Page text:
Figure A2: Overall failure rate by region, 2019-2022
This is even more evident for regions with very little difference in failure rates between regions in 2022.
Latency Data Per Cloud/Region
The variation in median total time shows a roughly similar pattern between clouds. This is to be expected, as the variation is primarily driven by changes on the server-side for API providers. (The median is a better metric here as it excludes the effect of outliers.)
The fall in median latency at the beginning of 2022 is owing to the introduction of the Serinus Cloud Monitor tests. These tests are both fast and high frequency, so have the effect of reducing average total time (the Time to First Byte is a generally representative measure of the server-side processing time and the Serinus Cloud Watch tests have led to the average value of this component being reduced).
Figure A3: Median Total Time by cloud, 2019-2022
The tables below show the median Total Times, DNS Times and Connect Times for the four clouds for the period 2017-2022. Median Connect Time has decreased for all four clouds for the last three years (2020-2023), but DNS Time stayed the same or increased for three clouds and only AWS managed a close to optimal median DNS Time for 2022 at 3 ms, down from 4 ms in 2021.
|Provider||Connect Time/ms||Connect Time/ms||Connect Time/ms||Connect Time/ms|
Figure A4: Median DNS Time by cloud, 2019-2022
From mid-2018 to mid-2021, DNS Time is quantized for all four clouds, but improvements to the APImetrics observer network implemented in 2021 have allowed for a more granular analysis.
Azure and IBM Cloud in particular show marked increases in DNS Time. Google only increases slightly, but best in class AWS manages to decrease.
Figure A5: Comparison of Median Total Time by year by cloud, 2019-2022
Figure A6: Comparison of Median DNS Time by year by cloud, 2019-2022
Figure A7: Comparison Median Connect Time by cloud, 2019-2022
Figure A8: Median DNS Time by region, 2019-2022
Of the six regions, Europe and North America have consistently been the fastest over the four year period. This is likely because of a combination relative geographical compactness and infrastructure investment. In 2022, East Asia and South America comprise an intermediate group with Oceania and South Asia a slow group. All regions show a decrease in Connect Time in 2022 compared to 2021, although there is likely still room for improvement for Oceania and South America locations. Only South America decreased DNS Time in 2022 (Oceania was constant) and other regions increased, so this is clearly an area where improvements are possible to return to the optimal performance seen in 2021.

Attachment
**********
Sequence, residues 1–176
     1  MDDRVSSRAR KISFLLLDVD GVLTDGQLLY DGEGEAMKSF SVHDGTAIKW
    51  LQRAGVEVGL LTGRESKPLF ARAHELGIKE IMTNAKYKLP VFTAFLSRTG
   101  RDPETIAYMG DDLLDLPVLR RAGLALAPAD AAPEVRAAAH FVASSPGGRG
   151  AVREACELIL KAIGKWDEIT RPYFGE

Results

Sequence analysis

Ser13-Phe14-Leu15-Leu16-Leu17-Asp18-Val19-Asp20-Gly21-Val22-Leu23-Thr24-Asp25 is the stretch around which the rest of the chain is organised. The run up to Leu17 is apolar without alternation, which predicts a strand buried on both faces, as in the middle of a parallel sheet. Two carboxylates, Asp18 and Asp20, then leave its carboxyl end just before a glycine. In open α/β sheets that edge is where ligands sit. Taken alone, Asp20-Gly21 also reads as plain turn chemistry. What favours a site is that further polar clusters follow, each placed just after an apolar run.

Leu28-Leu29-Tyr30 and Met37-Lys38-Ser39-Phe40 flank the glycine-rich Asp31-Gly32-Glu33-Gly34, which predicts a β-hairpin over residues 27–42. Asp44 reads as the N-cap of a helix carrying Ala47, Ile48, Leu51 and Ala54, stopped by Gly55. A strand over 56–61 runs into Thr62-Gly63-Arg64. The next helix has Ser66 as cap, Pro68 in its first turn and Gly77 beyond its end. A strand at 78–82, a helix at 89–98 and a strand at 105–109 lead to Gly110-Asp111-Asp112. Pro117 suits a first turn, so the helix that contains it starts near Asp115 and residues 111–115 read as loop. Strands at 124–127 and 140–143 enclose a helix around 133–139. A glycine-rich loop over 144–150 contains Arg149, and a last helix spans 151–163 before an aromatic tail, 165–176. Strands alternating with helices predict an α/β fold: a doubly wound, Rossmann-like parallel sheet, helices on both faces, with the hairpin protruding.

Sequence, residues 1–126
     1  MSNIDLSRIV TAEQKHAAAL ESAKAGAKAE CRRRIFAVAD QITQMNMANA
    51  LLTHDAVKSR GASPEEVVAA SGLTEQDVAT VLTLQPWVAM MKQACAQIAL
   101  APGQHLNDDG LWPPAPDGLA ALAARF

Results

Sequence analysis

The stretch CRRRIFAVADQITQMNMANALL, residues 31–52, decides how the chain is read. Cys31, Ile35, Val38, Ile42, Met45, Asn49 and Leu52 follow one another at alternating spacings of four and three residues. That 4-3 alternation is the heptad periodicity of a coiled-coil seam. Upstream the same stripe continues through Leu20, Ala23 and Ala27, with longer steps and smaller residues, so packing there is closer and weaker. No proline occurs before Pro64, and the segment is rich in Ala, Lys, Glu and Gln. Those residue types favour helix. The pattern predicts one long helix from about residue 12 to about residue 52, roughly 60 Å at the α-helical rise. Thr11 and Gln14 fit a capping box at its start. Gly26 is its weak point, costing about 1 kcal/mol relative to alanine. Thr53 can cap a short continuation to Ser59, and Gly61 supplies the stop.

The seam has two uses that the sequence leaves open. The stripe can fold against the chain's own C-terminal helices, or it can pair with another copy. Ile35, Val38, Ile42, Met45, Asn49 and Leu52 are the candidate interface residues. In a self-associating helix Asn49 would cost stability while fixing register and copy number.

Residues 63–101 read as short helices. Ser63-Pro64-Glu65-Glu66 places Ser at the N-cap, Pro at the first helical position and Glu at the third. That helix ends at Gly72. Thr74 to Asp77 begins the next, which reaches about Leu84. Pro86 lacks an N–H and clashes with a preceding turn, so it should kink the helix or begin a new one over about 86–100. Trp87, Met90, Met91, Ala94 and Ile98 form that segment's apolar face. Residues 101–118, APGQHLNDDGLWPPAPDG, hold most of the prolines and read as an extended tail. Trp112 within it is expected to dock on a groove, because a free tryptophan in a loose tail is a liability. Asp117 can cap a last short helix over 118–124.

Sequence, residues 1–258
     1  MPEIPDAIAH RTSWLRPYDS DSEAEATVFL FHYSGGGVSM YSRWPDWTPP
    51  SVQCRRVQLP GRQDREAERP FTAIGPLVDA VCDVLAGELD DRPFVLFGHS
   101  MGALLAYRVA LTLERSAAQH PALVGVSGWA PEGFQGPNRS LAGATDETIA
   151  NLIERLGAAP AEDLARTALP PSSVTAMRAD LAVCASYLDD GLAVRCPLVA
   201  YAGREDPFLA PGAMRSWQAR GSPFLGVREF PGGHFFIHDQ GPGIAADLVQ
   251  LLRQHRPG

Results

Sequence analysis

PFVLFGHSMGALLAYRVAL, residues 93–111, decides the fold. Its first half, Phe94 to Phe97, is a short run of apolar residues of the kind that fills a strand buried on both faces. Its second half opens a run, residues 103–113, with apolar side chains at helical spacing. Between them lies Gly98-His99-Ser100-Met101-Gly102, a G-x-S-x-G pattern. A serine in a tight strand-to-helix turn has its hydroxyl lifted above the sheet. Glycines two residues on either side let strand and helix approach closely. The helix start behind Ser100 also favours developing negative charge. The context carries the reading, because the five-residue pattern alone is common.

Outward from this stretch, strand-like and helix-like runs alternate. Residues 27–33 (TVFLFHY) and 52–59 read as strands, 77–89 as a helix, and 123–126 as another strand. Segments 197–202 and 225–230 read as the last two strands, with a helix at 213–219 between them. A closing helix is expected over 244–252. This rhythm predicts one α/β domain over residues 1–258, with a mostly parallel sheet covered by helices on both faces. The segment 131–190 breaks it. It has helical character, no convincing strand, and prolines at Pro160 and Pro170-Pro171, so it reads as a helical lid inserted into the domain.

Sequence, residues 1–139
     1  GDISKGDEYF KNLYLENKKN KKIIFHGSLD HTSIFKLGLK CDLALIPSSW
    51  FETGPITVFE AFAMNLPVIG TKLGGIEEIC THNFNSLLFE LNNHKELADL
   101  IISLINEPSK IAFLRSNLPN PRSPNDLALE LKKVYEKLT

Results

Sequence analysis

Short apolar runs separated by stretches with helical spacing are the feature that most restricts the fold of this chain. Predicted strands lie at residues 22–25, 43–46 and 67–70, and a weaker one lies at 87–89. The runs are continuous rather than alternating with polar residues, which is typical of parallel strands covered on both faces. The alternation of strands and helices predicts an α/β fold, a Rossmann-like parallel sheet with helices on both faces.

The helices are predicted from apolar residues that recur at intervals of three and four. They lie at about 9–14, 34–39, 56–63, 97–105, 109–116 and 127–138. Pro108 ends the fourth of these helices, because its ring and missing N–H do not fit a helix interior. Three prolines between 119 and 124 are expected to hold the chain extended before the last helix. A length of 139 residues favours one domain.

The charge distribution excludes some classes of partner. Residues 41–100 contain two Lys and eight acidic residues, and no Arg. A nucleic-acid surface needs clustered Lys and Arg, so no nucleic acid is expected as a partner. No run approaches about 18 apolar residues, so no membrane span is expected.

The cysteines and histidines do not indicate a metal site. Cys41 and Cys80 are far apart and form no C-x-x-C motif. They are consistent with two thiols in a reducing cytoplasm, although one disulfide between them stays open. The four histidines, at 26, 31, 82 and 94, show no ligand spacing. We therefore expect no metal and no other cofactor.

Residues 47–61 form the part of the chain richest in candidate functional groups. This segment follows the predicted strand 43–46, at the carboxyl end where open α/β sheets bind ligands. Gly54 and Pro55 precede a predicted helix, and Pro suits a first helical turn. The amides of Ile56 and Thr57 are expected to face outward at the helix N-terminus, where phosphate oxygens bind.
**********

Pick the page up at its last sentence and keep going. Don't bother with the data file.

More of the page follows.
|Provider||Connect Time/ms||Connect Time/ms||Connect Time/ms||Connect Time/ms|
Figure A9: Median DNS Time by cloud, 2019-2022
We see the same behavior as noted for clouds of a slight upward trend in DNS Time from mid-2021
with the clear quantized pattern seen from mid-2018 no longer evident.
Figure A10: Comparison of Median Total Time by year by cloud, 2019-2022
Figure A11: Comparison of Median DNS Time by year by region, 2019-2022
Figure A12: Comparison of Median Connect Time by year by region, 2019-2022
Figure A13: Median DNS Time by Region by Year Relative to Oceania January 2019 – October 2022
|Fastest and Slowest Cloud Locations for Time to Connect|
|Fastest Location||Connect Time/ms||Slowest Location||Connect Time/ms|
|2019||AWS US-East (N. Virginia)||1.12||AWS South-America East (Sao Paulo)||111.88|
|2020||AWS US-East (N. Virginia)||1.42||AWS Brazil-South (Sao Paulo State)||115.94|
|2021||AWS US-East (N. Virginia)||1.07||IBM Cloud Asia-Pacific Southeast (Sydney)||68.61|
|2022||AWS US-East (N. Virginia)||1.23||AWS India West||50.68|
Glossary of Terms
4XX CLIENT-SIDE WARNING – 4xx HTTP status codes are generated when a request is made to an endpoint that does not exist or for which the user lacks the appropriate authorization. Because these types of issues indicate that the web server receiving the request is behaving as expected, 4xx client-side warnings generally should not be included when determining the performance and quality of an API endpoint.